Thanks for the explanation and placing the responsibility back on me, the shooter, to do the work of knowing my equipment. I guess I’m used to one crank of the handle being exactly .100 or one turn of the thimble always being .025. So when changes or adjustments don’t fall into the pattern that I’ve already set up in my head, I assume there is something wrong. The whole process of airgun shooting seems more like a mixture of science and art. The science of the precision equipment and precise measurements, and the art of dealing with the variability of the equipment and conditions and ourselves, to end up with a precise and predictable result. And all this from a system that is often unpredictable.
    Certainly keeps it from getting dull !
    Thanks again,

  2. Hey BB

    While talking about scopes, I noticed that my leapers 3-9X50 will fog up frequently when I take my gun from the basement to my backyard. Lately it has been very humid so I guess it is expected. I thought that leapers coated there lenses with that emerald coating which I thought I had read that would keep the scope fog proof.
    Should this happen with the coatings? Are there any coatings that one could apply themselves to the lenses to keep the fog out?

    Thanks, Kyle.

  3. Markus,

    Mil dots are optical measurements rather than machine screw threads, so they are many times more exact. An optical plant that can grind lenses to exact formulas can also apply mil dots just as precisely.

    In other words, you can trust the scope manufacturer.


  4. Kyle,

    Your scope is filled with nitrogen so it isn’t supposed to do that. When the temperature changes radically, they may fog internally for a brief time. If the fog is on the outside, you must blame nature, as nothing can be done about it. Don’t use the bathroom anti-fog spray without consulting the manufacturer, as it may attack the lens coating.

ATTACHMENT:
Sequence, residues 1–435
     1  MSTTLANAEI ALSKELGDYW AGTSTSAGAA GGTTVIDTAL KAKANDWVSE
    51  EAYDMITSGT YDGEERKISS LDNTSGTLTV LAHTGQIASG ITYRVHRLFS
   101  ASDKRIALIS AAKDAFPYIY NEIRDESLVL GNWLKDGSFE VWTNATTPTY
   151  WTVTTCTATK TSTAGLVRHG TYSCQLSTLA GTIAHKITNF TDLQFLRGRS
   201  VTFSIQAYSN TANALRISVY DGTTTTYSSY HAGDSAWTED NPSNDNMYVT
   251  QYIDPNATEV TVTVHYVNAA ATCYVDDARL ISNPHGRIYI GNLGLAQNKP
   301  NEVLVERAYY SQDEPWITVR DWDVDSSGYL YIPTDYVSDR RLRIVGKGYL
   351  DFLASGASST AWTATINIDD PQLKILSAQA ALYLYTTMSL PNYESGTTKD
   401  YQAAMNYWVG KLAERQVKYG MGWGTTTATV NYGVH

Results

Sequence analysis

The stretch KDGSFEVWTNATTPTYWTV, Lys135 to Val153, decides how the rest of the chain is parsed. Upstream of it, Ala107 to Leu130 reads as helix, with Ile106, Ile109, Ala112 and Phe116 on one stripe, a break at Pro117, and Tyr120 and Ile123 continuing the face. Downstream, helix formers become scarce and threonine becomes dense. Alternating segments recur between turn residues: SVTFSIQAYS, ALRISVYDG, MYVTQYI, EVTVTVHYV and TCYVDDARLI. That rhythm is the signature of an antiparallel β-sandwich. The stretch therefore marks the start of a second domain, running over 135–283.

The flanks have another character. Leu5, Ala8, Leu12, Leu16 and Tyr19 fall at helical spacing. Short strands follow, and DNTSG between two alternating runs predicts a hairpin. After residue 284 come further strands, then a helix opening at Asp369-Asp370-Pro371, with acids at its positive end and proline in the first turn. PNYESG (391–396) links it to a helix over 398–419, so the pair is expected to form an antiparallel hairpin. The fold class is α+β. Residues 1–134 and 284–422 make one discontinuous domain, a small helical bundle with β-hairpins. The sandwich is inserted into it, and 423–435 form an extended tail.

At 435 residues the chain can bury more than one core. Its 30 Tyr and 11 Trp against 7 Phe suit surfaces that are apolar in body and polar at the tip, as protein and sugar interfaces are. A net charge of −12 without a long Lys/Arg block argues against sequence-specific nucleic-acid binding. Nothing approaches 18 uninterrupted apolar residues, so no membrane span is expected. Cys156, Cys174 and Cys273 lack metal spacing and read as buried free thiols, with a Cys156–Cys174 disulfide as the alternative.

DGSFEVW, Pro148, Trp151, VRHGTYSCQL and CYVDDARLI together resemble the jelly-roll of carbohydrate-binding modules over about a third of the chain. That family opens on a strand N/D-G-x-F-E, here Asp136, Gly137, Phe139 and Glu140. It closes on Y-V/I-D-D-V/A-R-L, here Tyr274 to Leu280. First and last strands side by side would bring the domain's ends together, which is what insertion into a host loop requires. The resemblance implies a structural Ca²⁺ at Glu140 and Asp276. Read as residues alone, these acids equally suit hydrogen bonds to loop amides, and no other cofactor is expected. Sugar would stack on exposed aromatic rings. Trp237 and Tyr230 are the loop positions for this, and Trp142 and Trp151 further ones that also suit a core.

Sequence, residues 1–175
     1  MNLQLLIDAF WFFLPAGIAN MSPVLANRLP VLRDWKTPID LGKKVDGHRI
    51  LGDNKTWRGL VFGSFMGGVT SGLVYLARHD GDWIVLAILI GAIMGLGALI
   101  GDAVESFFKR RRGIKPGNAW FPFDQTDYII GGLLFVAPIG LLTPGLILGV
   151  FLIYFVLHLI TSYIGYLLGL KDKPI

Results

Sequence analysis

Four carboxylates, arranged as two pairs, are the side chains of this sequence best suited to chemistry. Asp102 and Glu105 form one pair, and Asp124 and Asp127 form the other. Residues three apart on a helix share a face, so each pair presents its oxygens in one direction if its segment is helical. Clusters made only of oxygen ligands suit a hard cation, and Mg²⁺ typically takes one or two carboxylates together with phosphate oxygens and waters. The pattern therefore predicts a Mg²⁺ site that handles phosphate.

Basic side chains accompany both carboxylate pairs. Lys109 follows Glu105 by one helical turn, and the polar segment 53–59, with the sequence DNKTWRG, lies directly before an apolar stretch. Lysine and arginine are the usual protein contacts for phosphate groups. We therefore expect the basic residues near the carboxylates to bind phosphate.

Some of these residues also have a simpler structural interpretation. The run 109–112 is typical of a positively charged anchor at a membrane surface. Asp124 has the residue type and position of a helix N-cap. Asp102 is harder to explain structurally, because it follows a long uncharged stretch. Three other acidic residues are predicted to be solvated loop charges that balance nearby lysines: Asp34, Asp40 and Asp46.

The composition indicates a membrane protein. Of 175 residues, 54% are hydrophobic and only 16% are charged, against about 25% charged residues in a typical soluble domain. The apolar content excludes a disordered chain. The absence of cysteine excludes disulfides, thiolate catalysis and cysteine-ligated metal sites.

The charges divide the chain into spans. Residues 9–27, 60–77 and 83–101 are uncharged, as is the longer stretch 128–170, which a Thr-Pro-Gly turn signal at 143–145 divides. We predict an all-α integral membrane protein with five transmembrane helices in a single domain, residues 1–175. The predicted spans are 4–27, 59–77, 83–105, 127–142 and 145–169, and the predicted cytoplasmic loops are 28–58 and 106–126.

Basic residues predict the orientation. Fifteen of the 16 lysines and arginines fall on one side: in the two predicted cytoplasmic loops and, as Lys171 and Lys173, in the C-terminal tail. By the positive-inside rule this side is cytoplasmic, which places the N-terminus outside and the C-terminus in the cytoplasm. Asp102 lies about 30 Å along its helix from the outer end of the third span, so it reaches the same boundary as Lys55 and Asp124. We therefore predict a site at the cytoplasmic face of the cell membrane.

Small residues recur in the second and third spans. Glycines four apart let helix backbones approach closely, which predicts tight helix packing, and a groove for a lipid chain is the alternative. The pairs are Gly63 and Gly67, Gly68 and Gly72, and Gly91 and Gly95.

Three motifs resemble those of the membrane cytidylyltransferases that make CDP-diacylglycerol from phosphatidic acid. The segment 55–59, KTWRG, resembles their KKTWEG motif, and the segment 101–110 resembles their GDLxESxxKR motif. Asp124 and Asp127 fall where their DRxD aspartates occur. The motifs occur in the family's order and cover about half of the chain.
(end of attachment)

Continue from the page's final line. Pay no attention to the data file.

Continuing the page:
If the fog is internal and lasts more than a minute, you should contact Leapers or the dealer who sold it and ask what can be done. These are supposed to be fog-proof optics.


  5. Hey BB

    Thanks for the help. The fog is on the outside and can be wiped away with a cloth. I was just unsure whether my scope had problems or if it was just the 90% humidity here. I guess natures to blame here.

    Thanks again, Kyle.

  6. Greetings B.B. and fellow airgunners!

    I have a question regarding underlevers and side levers. Question: do the levers have a bit of play before the spring begins to compress, thus opening the sliding compression chamber? Or is that sliding tube only opened under pressure?

    Just part of my research before I purchase…Although this question may be moot since my mouse cursor seems to like the Beeman R1 BUY BUTTON..a LOT. TIA folks.


  7. i know pyramyd air doesn’t sell the QB-78 rifles, but I was wondering if you had any experience with them. I plan to buy one that fills from a 9oz co2 tank and I wondered if they are accurate/quality. They copy the Crosman 160 and even though i don’t like buying Chinese, I’d like to buy a copy of a legendary rifle. I’ve heard only good things.

    thanks for the heads up on the taurus .45, i was planning on getting one!

  8. BB,

    Thank you for helping to make us all feel less crazy.

    I remember my dad bought me an Omega wristwatch as a high school graduaton present. It was guaranteed to lose or gain not more than 1/2 second a month. I used to cradle it and think, ‘at last; something in my life that can be depended on!’ Only later did I read the fine print that said ‘can be ADJUSTED not to gain or lose more than 1/2 second a month.’

    Things such as your blog help us all feel less nuts. Thanks!


  9. B.B.,

    I just got cough up on my reading.